21st Century Britain: Like a Ray Harryhausen fantasy, the Coalition Gods are playing chess. Through the thick fug of entitlement, they watch corresponding mortals marching against each other; bristling police with batons raised, scruffy protesters lobbing street furniture. It’s an unwinnable war, fought by the wrong people for the right reasons. Both sides and middle are being squeezed into awkward violence by the relentless forces from above; the Gods are sweeping their bloody collateral into boxes marked ‘Deserving’ and ‘Undeserving’.
I’m in Bermondsey, a borough largely unmapped by the capital’s Cultural Sat Navs. I walk past the West Lane South gallery twice before realising it’s a converted shop in a row of hairdressers and cafes. It’s spilling over with the sort of smouldering English eccentrics you only get in London, all here for Blue Plague, first solo show of my mouthy, infuriating and ridiculously talented ex-flatmate Lisa Cradduck.
Blue Plague’s centrepiece is a 6-foot slab of lino decorated with an excruciatingly detailed, hand-drawn panorama of Parliament Square. Composed from multiple photos the artist took on December 9th 2010, on the third day of protest against increased student fees, it’s a stunning piece of draughtsmanship. On closer inspection, it’s populated by grinning skeletons. This is political art, both meticulous and macabre. Witness Cradduck’s breath-stealing quote:
“Tory influence is a bubonic miasma polluting the atmosphere and poisoning the social body. To disadvantaged people, it can be fatal.”
Wow. In Blue Plague, the police and the protesters are all dead, kettled and kettling for eternity. Both sides are infected with Tory plague, robbing them of vitality and reducing them to shrivelled immortal enemies while the policy-makers watch on unscathed.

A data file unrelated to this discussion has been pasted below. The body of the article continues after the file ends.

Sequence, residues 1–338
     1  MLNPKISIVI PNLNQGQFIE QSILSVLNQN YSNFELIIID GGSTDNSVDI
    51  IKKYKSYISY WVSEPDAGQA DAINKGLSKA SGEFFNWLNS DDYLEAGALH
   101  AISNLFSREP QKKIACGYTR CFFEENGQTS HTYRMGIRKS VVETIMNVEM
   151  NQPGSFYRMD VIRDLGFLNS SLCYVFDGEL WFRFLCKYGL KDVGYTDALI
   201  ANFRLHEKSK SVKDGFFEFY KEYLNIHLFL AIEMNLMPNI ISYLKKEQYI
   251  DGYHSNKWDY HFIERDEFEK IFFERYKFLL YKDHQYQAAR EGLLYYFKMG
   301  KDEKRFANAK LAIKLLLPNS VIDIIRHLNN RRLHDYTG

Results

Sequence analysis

The large-scale work represents Tory cuts as a grotesque ritual of abuse and mortification, drawn in the Day of the Dead vernacular of Mexican satirist Jose Guadalupe Posada but also echoing the moribund humanity of Hogarth, Dix and Durer. Cradduck will spend the duration of the show painstakingly preparing the lino, printed as the show closes.
So much contemporary art is desperately demonstrative, smugly complacent or mildly diverting. Cradduck’s Blue Plague breaks the mould by combining old-skool draughtsmanship, biting satire and hands-on teaching; linocutting is a practical skill you can practice at home. This is education through sedition. At the Blue Plague Printing School, a fully functional lino printing workshop running for the duration of the show, you too can hack your Tory grievances into unique art, just as the Coalition has hacked away at the familiar fabric of our welfare state.
Created as an inspirational classroom poster for the Blue Plague Printing School, Blue Plague is in keeping with WestLane South’s commitment to radical, pedagogical art. Launched in October 2011, the gallery opened with Mark Dennis & Chris Gomersall’s ‘Philistine Romanticism,’ a show that critiqued the influence of aesthetic education and the illusory concept of freedom it taught. This is a gallery that deserves more footfall, a reservoir for the underground tributaries of radicalism that pour endlessly into London culture, keeping it vital but rarely acknowledged.
Blue Plague, Jan 9th – Feb 16th 2013 @ West Lane South, Bermondsey, London.
Review by Vienna Famous